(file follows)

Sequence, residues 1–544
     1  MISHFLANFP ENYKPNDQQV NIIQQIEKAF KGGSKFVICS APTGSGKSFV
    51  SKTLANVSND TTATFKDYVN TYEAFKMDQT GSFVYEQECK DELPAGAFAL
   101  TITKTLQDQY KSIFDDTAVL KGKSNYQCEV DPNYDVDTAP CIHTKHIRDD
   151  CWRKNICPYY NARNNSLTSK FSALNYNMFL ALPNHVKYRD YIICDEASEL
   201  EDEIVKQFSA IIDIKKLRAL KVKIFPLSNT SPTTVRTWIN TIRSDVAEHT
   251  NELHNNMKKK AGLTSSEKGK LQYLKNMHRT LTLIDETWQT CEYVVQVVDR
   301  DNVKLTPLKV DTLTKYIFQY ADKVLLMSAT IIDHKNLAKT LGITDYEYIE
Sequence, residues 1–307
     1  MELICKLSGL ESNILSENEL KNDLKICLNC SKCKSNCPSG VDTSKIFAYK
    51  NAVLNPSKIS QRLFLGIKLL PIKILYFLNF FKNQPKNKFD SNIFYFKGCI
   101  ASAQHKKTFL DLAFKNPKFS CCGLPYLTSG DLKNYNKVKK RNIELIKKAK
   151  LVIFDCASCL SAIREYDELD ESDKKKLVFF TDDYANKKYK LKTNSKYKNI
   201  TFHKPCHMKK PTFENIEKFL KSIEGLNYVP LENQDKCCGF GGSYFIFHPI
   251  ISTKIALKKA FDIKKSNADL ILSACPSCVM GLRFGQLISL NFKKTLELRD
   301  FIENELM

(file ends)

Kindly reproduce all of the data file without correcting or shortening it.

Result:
Sequence, residues 1–544
     1  MISHFLANFP ENYKPNDQQV NIIQQIEKAF KGGSKFVICS APTGSGKSFV
    51  SKTLANVSND TTATFKDYVN TYEAFKMDQT GSFVYEQECK DELPAGAFAL
   101  TITKTLQDQY KSIFDDTAVL KGKSNYQCEV DPNYDVDTAP CIHTKHIRDD
   151  CWRKNICPYY NARNNSLTSK FSALNYNMFL ALPNHVKYRD YIICDEASEL
   201  EDEIVKQFSA IIDIKKLRAL KVKIFPLSNT SPTTVRTWIN TIRSDVAEHT
   251  NELHNNMKKK AGLTSSEKGK LQYLKNMHRT LTLIDETWQT CEYVVQVVDR
   301  DNVKLTPLKV DTLTKYIFQY ADKVLLMSAT IIDHKNLAKT LGITDYEYIE
Sequence, residues 1–307
     1  MELICKLSGL ESNILSENEL KNDLKICLNC SKCKSNCPSG VDTSKIFAYK
    51  NAVLNPSKIS QRLFLGIKLL PIKILYFLNF FKNQPKNKFD SNIFYFKGCI
   101  ASAQHKKTFL DLAFKNPKFS CCGLPYLTSG DLKNYNKVKK RNIELIKKAK
   151  LVIFDCASCL SAIREYDELD ESDKKKLVFF TDDYANKKYK LKTNSKYKNI
   201  TFHKPCHMKK PTFENIEKFL KSIEGLNYVP LENQDKCCGF GGSYFIFHPI
   251  ISTKIALKKA FDIKKSNADL ILSACPSCVM GLRFGQLISL NFKKTLELRD
   301  FIENELM